A healthy society would not find “transableism” complicated at all.  It is an indication of deep mental illness, and it should be treated, not indulged.  To the extent our society cannot articulate this unambiguously, we are clearly falling into social illness.

At the very core of this question is a denial of our right as a community to hold Platonic ideals — not to mention the necessity and even inevitability of doing so.  Being able-bodied is the objective norm, the ideal.  When people are disabled, we make allowances and provisions for them in order to close the gap to that ideal.  It is therefore objectively wrong to expect society to offer those accommodations to somebody who deliberately moves away from the ideal.

Somebody of an opposing view might turn this argument around and suggest that all they’re doing is accommodating the person’s psychological distance from the ideal of feeling like an able-bodied person.  But making permanent physical changes compounds the distance rather than relieving it: the person is now disabled and still averse to being able-bodied.

The best one could say is that the person is closer to the ideal of being comfortable, but that is potentially fleeting.  After all, it is always possible to be more disabled.

Elevating the ideal of individual comfort is also destructive of the possibility of objective norms.  On the social scale, such principles have to be taken as simply true, else the utility of culture evaporates and society simply falls apart.

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Continuing Education for Professionals

Dan McGowan’s review of some claims that have recently been made about problems in the Providence school district is worth a read.  Broadly speaking, the claims about the school facilities themselves proved to have been exaggerated, while problems with management of teachers were not so much.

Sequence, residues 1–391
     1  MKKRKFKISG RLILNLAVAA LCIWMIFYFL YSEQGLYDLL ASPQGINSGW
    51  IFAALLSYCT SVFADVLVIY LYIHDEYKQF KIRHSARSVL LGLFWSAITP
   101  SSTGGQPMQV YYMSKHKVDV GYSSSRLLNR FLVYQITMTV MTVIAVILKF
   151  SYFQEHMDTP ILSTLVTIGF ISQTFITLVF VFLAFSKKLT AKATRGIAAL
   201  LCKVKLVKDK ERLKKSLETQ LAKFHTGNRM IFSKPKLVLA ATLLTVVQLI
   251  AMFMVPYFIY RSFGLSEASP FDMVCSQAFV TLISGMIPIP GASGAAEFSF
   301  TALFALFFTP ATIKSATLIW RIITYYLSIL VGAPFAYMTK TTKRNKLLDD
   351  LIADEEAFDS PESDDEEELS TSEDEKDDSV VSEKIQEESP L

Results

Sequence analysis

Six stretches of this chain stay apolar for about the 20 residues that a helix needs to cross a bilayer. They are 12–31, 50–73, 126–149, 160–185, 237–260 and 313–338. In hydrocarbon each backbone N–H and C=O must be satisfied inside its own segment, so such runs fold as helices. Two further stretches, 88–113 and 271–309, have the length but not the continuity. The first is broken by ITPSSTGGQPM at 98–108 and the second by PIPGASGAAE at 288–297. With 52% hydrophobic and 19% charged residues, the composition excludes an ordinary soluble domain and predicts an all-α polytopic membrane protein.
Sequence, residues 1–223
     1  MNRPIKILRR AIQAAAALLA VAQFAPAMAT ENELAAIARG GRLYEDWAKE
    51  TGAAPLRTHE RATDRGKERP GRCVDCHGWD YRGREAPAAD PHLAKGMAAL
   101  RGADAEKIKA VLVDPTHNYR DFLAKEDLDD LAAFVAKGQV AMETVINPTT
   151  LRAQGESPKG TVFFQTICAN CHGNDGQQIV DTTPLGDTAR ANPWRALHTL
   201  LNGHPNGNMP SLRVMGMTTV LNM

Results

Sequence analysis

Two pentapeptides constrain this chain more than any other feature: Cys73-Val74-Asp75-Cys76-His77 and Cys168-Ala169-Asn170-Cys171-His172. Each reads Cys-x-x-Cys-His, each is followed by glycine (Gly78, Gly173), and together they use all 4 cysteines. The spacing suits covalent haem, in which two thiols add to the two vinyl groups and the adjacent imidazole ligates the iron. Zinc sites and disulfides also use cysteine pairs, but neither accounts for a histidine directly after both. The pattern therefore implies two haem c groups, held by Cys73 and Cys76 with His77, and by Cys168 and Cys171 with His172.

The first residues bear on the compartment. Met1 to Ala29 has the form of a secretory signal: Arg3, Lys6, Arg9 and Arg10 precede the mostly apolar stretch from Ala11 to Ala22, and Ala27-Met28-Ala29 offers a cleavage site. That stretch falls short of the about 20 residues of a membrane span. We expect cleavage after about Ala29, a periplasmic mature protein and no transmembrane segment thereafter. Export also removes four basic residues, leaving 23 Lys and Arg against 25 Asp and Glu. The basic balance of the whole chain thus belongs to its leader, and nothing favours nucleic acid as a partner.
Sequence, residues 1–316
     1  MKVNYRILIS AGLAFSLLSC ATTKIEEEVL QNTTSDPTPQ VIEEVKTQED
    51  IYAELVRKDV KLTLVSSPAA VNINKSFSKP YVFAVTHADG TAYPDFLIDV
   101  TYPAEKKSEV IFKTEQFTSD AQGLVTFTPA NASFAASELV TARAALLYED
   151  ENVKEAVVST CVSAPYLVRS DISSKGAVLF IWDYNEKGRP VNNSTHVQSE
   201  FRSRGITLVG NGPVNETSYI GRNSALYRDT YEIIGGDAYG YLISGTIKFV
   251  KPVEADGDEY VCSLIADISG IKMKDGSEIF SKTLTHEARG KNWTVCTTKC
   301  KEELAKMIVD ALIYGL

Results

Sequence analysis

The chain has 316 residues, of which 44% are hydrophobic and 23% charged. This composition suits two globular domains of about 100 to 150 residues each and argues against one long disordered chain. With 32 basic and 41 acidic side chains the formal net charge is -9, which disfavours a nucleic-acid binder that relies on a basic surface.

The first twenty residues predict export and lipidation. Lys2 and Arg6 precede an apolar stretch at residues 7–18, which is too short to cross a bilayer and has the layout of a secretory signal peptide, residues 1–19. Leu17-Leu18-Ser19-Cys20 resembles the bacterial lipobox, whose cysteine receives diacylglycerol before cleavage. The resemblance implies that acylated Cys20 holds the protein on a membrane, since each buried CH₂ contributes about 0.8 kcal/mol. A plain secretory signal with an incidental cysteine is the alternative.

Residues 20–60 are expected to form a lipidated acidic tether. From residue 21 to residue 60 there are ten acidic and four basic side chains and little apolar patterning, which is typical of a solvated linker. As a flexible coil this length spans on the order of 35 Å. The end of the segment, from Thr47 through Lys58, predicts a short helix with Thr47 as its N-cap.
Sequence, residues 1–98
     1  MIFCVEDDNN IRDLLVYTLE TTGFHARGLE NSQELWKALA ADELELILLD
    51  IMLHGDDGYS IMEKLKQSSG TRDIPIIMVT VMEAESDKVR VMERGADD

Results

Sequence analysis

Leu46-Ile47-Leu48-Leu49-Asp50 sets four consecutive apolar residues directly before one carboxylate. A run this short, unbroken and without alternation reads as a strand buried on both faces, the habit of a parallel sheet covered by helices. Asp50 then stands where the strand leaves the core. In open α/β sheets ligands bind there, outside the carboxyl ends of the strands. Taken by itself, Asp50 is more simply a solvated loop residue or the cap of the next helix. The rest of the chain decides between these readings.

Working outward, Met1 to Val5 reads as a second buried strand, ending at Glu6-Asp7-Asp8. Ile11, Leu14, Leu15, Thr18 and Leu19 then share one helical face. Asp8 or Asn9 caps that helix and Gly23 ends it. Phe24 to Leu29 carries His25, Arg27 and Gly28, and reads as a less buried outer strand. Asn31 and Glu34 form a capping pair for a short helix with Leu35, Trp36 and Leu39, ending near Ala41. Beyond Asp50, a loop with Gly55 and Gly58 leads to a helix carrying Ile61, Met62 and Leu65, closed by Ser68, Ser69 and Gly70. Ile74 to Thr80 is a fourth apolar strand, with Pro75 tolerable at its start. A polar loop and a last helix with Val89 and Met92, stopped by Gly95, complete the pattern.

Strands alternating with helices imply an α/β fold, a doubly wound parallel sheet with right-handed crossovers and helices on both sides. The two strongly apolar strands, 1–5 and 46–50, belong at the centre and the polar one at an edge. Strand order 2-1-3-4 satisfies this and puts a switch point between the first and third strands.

This item raises something that I’ve wondered about before — specifically, how much emphasis people really put on “professional development”:

Teachers get one day of professional development a year.

Grade: C

During a series of public forums following the release of the report, Infante-Green often asked attendees the same question: Would you go to a doctor who only received one day of training each year? While it is accurate that the current union contract only requires one professional development day during the school year, more nuance is required. Union president Maribeth Calabro and the Elorza administration maintain most teachers receive significantly more training each year. As an example, Calabro said at least half of her members have attended professional development sessions during their current summer vacation.

To be honest, I’d have no problem discovering that my doctor has only “one day of training each year.”  Doctors spend every day analyzing patients and determining the best treatments for their ailments.  One can expect that they are continually reviewing the latest information that might help them to do their jobs better.

The idea that they’ll simply coast along for their entire careers — doing the equivalent of handing out photocopied worksheets year after year — just seems strange.  Some will be better about this and some will be worse, but the fact that a doctor dedicated more than one day to some government-approved course of study that may or may not be relevant to my health and that may or may not have focused on some medical fad or PC indoctrination would not impress me at all.